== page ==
We see mental health as everyone’s business. When one of us is in distress, there are implications for everyone: lost potential, unemployment and crime are just some of the consequences.

We want the Government to hear what we have to say and to put our ideas into practice. We would like ministers, commissioners and everyone who makes decisions relating to children and young people to note that promoting positive mental health, preventing mental ill health, and intervening early when problems arise requires cross-government action.

We do not represent any one organisation, approach, or professional group but rather we engage with our members and come together to provide a strong unified voice speaking out about children and young people’s mental health.”

Please click on the link below for more information

https://cypmhc.org.uk

Get ready to SPIN: Level 3 Paediatric Trainees

The RCPCH offers various special interest (SPIN) modules for training.

A SPIN Module in Child Mental Health is now available

INTRODUCTION TO SPIN:

There are two types of SPIN offered:

  • SPIN in training for level 3 trainees 
    This is additional training and experience in a clinical area, which you complete in 12 to 18 months of clinical time. If you do a SPIN module and complete your training, you can apply for posts as a General Paediatrician with a special expertise.
  • Post completion SPIN for paediatricians on the GMC specialist register 
    This is additional training or experience, which you complete usually over a 12 month to five year period.

All SPIN modules are designed to enable a paediatrician to lead in that area as part of meeting a service need. It is vitally important that you articulate the service need for your choice of SPIN explaining why it is necessary on your application form.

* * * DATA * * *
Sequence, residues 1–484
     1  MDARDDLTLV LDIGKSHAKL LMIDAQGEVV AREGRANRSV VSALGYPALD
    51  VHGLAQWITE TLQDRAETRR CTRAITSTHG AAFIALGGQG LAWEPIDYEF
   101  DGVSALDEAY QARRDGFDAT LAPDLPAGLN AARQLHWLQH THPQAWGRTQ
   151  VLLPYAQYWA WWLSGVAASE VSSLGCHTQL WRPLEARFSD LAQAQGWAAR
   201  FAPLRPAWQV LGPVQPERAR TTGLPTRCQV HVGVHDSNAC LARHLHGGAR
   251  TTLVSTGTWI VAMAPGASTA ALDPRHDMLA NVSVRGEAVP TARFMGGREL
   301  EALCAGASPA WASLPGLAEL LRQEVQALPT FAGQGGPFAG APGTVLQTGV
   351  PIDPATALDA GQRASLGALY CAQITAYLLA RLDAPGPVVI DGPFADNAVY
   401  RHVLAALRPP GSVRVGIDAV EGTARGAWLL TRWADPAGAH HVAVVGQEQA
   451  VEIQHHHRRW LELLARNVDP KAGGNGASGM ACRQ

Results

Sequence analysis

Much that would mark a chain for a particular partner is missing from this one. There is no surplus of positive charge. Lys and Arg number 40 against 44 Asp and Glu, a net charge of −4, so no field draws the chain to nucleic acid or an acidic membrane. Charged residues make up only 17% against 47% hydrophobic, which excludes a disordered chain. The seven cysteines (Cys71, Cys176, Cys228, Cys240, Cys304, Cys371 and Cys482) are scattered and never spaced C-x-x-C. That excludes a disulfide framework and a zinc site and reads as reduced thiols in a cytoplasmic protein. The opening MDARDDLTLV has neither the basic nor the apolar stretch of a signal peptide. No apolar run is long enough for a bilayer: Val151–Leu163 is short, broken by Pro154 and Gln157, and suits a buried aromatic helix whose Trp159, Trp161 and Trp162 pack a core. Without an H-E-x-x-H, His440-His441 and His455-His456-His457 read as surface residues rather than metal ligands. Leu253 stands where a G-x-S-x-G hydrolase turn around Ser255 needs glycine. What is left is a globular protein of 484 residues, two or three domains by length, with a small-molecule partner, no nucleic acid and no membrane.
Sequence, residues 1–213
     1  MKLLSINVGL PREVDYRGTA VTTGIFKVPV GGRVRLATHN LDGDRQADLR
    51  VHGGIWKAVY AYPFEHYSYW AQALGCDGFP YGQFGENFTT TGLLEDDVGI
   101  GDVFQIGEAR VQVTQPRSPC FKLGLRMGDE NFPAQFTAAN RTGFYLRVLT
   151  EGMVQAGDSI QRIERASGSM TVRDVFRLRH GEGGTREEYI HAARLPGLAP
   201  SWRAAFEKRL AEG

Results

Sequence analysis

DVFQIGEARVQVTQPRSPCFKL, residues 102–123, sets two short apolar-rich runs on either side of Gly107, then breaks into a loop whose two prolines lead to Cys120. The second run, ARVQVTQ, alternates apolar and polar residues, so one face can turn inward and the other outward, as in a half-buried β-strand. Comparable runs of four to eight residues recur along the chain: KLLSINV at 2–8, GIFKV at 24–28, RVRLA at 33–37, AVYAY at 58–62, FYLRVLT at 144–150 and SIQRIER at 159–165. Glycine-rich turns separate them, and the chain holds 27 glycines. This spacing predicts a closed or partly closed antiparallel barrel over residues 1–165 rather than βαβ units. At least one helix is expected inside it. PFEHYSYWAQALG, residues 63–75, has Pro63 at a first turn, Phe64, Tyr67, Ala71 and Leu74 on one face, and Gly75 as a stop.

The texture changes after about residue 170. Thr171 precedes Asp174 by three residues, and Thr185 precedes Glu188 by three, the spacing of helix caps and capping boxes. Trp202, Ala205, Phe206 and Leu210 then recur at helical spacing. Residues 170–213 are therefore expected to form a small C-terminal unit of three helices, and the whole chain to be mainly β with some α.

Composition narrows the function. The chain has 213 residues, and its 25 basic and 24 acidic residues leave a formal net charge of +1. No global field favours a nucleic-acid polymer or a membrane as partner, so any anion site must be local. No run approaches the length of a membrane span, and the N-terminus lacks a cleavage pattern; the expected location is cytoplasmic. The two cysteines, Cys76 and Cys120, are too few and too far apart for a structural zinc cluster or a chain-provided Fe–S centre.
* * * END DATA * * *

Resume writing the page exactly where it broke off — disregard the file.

Once completed, applicants can be the local lead and part of the clinical network providing for children who need specialist paediatric care.

For more information, please click on link below:
https://www.rcpch.ac.uk/resources/special-interest-spin-module-application-guidance

APPLICATIONS:

Applications opened on the 2nd November and close on the 1st December 2020. To apply now, click here.

* You can apply once you start your level 3 training in paediatrics (normally from your ST6 placement).

* You cannot usually undertake SPIN training at the same time as sub-specialty training (also called GRID). There are some exceptions to this rule and we will update this page as we develop our SPIN work. If you have an enquiry about SPIN eligibility for you, contact us at training.services@rcpch.ac.uk.

Attend ACAMH’s 2020 Events Online

Did you know that you can now see a lots of ACAMH events from wherever you might be at the moment?

With the global spread of the coronavirus, many organisations across the world are changing working practices to ensure everyone’s safety. One such organisation is the Association for Child and Adolescent Mental Health (ACAMH), which will not be staging physical events for the rest of 2020, but instead is bringing events online as live webinars, many of which will be free.

There are also a number of recorded webinars already available for view, including:

More will be added to the ACAMH website’s Freeview section, which contains a whole host of other past lectures.

Anna Freud Learning Network

The Anna Freud Learning Network is a free national network for professionals, both individuals and organisations, which shares the latest research, resources, and learning opportunities to those working to transform the mental health of children and young people.

To find out more and to join the network, please click on the link below

https://www.annafreud.org/mental-health-professionals/anna-freud-learning-network